Then there is minimum income. We do have the ability to give every adult a certain minimum income, I think. Or at least we did before we ran the presses at melting speed. Heinlein in his Fabian socialist days envisioned this as a way to get the economy going. If every adult has some tiny income, enough to live on if you have three roommates and live on Ramen noodles – say 10k a year – then everything you make above that is in a way disposable. Not only is there no need, but there is more disposable income to stimulate the economy. (To understand the appeal of this to Heinlein you have to understand that his most frequent contention with his sister was that they only had a pillow between the two of them. It’s poverty we now can’t begin to imagine.) Also, one presumes, since breathing and over eighteen was the criteria, we might spend less on that that on our current welfare system.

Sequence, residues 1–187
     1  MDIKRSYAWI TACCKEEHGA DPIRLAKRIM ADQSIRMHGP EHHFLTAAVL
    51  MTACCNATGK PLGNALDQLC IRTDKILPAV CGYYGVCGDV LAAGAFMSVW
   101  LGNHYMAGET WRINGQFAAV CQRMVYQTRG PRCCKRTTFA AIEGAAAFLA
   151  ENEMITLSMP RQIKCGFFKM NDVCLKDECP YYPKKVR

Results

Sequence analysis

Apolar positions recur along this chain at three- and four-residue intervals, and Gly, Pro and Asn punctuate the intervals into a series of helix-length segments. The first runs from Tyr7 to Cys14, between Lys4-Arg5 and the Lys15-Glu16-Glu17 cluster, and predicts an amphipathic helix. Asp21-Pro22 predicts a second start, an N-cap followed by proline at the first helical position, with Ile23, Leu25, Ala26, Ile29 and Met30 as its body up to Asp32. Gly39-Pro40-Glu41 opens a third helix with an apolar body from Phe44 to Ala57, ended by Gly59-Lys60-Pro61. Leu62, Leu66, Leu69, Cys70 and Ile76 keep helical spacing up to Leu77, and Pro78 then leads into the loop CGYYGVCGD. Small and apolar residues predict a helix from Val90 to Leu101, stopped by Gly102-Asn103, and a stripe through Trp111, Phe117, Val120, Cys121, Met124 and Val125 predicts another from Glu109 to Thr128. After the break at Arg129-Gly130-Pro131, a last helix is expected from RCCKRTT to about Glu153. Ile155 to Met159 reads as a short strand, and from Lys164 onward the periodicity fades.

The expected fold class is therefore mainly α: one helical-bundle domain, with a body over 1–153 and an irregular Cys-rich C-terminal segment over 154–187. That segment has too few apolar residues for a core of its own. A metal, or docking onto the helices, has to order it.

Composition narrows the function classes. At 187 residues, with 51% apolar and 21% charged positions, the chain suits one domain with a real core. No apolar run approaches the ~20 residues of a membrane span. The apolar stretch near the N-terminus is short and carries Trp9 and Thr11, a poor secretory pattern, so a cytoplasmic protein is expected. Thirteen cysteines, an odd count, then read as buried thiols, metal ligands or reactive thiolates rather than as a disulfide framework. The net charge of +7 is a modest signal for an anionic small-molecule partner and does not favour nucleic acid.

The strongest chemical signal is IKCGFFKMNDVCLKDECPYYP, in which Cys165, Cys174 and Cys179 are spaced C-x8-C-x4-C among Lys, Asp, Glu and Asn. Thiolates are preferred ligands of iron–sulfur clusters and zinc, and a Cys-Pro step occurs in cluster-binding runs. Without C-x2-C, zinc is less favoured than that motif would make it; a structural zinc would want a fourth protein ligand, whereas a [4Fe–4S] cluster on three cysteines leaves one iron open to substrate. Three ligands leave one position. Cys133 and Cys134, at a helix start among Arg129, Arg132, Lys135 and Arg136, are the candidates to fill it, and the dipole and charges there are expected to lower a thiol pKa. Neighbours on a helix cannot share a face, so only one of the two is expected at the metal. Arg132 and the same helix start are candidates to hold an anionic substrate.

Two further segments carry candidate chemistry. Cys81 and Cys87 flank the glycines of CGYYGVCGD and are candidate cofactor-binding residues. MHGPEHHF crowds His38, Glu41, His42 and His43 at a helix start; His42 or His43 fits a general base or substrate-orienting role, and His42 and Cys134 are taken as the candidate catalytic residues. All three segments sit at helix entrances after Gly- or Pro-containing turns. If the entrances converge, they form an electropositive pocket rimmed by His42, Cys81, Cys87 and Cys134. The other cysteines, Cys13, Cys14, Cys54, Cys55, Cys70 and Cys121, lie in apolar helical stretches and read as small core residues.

And maybe it would be. Except we hit up on the snag of human nature. A wise man said “The poor, you shall always have” and He seems likely to be right. First of all, poverty is relative. When that man walked in Galilee being poor was usually a fatal condition. You simply didn’t make enough to eat, or to keep off the cold. You might not be able to reproduce because you couldn’t support children. It was a condition of terminal failure. Unless you somehow clawed up, you’d die of it.
“It’s a lovely idea, the only problem is it wouldn’t work.” Basically.